Denied access to their own cash, millions of Indians are desperately looking for cashless options. Here’s how to make the best.
Denied access to their own cash, millions of Indians are desperately looking for cashless options. Here’s how to make the best of a bad job.
In an earlier era, when personal computers were just making their appearance, a much-bandied mantra was the Paperless Office. Government and corporate offices made token gestures — like allowing staff to apply for leave with an e-mail — and extrapolated this to paint a future where paper records would all but disappear. It was all nonsense. Manufacturers of printers attached to PCs, were doing even more business than before. The euphoria about going paperless was replaced with a more realistic — less-paper office.
We never learn, or perhaps it’s amnesia. The current hype about a cashless society is no less bizarre and unrealistic than an office without paper. Indeed, the swift downscaling of from cash-less to less-cash has taken just weeks rather than months.
The less paper concept has taken a quarter century to achieve productive levels in most organisations. Yet, here we are, in a situation where 80 per cent of our cash has been sucked out, being exhorted to go cashless in almost all our vital money transactions with zero time for preparation.
Is it doable? No, there is no way for a billion citizens to make the change-over to a less cash, let alone a cash-less society in this sort of panic time-frame. Is it bearable? Yes we can muddle through and survive, and maybe even experience some of the undoubted efficiencies that electronic cash offers — at a price.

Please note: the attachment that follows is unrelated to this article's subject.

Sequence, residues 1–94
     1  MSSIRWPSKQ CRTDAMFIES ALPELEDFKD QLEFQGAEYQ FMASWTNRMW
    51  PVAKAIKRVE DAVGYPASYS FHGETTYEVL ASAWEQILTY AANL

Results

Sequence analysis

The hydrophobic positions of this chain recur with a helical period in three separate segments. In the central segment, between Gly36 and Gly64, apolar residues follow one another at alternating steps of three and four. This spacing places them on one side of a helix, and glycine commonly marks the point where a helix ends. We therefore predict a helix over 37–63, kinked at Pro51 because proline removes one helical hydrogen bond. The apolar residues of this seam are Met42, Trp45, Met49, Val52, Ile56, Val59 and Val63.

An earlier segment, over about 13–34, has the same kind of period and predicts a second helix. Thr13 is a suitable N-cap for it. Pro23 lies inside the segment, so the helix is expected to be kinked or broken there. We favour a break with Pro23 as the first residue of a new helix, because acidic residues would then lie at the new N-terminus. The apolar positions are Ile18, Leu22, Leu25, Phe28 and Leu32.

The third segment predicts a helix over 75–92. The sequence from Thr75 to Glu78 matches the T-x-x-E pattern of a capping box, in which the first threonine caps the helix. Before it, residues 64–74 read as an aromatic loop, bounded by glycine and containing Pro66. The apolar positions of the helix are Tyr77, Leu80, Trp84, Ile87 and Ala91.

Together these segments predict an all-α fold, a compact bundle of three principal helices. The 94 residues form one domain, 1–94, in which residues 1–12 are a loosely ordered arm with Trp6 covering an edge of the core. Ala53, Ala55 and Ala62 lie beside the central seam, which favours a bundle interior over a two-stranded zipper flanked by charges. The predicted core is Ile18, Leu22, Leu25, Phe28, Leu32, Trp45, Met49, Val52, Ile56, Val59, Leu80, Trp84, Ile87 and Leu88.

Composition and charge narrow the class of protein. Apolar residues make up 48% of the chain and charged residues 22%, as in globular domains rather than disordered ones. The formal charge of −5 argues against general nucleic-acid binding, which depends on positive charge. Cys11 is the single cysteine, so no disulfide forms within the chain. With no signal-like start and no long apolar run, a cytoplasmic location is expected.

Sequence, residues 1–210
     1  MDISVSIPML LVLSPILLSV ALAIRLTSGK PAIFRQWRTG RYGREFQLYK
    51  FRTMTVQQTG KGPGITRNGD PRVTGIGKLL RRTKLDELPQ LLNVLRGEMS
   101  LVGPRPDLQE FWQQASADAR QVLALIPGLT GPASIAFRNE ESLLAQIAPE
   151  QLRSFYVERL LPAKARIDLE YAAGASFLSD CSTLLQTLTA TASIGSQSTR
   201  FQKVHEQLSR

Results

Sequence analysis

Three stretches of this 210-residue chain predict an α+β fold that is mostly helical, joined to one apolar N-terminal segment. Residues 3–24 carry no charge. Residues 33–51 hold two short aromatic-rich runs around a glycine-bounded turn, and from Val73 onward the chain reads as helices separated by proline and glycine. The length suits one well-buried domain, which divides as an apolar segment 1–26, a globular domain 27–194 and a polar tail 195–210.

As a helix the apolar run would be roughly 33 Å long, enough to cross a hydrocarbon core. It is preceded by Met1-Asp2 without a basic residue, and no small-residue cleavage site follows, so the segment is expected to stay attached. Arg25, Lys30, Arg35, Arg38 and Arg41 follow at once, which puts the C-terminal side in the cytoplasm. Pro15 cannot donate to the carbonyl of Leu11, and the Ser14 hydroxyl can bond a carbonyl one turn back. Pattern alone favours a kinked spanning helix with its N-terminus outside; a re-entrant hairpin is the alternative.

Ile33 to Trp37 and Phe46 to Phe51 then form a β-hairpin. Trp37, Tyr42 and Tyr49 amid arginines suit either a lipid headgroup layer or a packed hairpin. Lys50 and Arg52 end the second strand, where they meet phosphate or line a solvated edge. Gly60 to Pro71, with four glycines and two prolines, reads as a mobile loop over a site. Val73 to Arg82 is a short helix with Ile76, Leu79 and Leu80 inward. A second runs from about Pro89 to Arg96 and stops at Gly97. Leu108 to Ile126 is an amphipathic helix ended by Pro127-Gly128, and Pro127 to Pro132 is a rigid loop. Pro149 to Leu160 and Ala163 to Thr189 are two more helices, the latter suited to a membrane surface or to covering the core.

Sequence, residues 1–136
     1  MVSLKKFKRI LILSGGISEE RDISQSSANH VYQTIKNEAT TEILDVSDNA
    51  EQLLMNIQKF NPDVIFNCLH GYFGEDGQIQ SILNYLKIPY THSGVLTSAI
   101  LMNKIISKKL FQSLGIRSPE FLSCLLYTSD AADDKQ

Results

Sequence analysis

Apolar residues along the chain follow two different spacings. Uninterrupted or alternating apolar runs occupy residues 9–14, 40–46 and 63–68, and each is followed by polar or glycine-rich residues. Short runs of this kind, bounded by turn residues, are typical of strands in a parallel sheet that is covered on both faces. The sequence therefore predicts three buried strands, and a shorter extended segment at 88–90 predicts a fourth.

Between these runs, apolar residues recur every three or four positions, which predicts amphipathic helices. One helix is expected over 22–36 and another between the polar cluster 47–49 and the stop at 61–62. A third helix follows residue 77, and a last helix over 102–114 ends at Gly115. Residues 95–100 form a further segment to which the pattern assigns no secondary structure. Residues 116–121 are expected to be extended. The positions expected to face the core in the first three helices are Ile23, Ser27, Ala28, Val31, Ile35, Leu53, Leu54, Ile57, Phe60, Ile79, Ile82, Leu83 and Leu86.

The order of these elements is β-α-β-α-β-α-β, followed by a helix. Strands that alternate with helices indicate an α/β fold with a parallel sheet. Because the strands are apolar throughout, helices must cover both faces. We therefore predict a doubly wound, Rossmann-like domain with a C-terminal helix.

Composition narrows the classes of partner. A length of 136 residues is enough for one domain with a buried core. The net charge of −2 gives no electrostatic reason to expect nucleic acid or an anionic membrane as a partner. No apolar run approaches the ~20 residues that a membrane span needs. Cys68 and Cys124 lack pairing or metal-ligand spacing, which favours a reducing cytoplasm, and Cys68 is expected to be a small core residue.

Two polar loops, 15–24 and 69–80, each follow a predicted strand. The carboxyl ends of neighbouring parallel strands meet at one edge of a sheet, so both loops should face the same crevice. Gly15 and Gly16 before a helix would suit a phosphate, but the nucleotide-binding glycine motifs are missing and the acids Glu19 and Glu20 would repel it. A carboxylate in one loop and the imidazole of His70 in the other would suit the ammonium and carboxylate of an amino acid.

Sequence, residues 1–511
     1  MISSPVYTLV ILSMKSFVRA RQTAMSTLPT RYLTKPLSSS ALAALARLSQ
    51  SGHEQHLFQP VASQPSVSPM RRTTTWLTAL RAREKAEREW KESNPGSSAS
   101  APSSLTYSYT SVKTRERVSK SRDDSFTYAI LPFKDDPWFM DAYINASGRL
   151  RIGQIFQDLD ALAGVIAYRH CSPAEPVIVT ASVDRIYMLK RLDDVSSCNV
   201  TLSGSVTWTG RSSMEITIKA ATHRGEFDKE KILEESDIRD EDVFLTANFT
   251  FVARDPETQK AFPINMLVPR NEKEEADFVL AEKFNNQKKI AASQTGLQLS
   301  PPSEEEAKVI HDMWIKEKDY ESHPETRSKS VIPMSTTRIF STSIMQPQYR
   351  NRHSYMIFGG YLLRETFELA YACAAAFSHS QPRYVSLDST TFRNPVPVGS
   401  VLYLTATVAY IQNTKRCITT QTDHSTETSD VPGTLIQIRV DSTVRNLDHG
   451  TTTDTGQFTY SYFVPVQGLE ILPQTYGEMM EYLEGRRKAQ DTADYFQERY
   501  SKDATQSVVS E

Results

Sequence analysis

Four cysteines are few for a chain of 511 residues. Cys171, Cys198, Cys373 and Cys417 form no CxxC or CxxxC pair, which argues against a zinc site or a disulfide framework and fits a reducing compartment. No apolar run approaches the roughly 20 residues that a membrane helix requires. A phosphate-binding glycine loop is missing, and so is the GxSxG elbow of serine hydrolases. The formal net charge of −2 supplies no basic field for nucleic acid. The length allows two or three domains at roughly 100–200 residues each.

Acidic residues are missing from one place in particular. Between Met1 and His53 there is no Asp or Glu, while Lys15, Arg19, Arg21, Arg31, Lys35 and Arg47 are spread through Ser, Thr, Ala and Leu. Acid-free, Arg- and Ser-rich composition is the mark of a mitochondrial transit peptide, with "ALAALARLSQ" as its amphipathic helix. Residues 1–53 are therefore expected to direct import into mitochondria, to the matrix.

Yes, a price will have to be paid — mostly by us, the lay consumers. Too much humbug is being talked about — mostly by government and the banks — about how e-money is so much cheaper and risk free.
In his excellent article in this newspaper on December 21, Mohan Guruswamy exposed that particular white lie or should we be parliamentary in our language and say ‘terminological inexactitude’? He explained how a Rs 100 currency note could be reasonably expected to change hands between 500 and 1,000 times before it became unusable. The same Rs 100 rupees in electronic form, attracts a charge with every exchange — credit or debit card charges called merchant discount rates (1%- 2%), charges levied by telecom operators and service providers, messaging charges... most of it going to the government if we measure over the lifespan of a physical currency. And no prizes for guessing who pays all this — we the consumers. Traders and service providers will make sure they pass on their portion to us. So we can see why the government will be laughing all the way to the treasury even as it pushes us onto the sunlit uplands of the cash less digital society.
Since beggars can’t be choosers, most of us have been trying to adjust to the new cash-free regime. The exercise can be confusing — what with banks and payment services bombarding us with in-your-face ads. So, to your right is a rundown of mechanisms to make (or receive) electronic payments.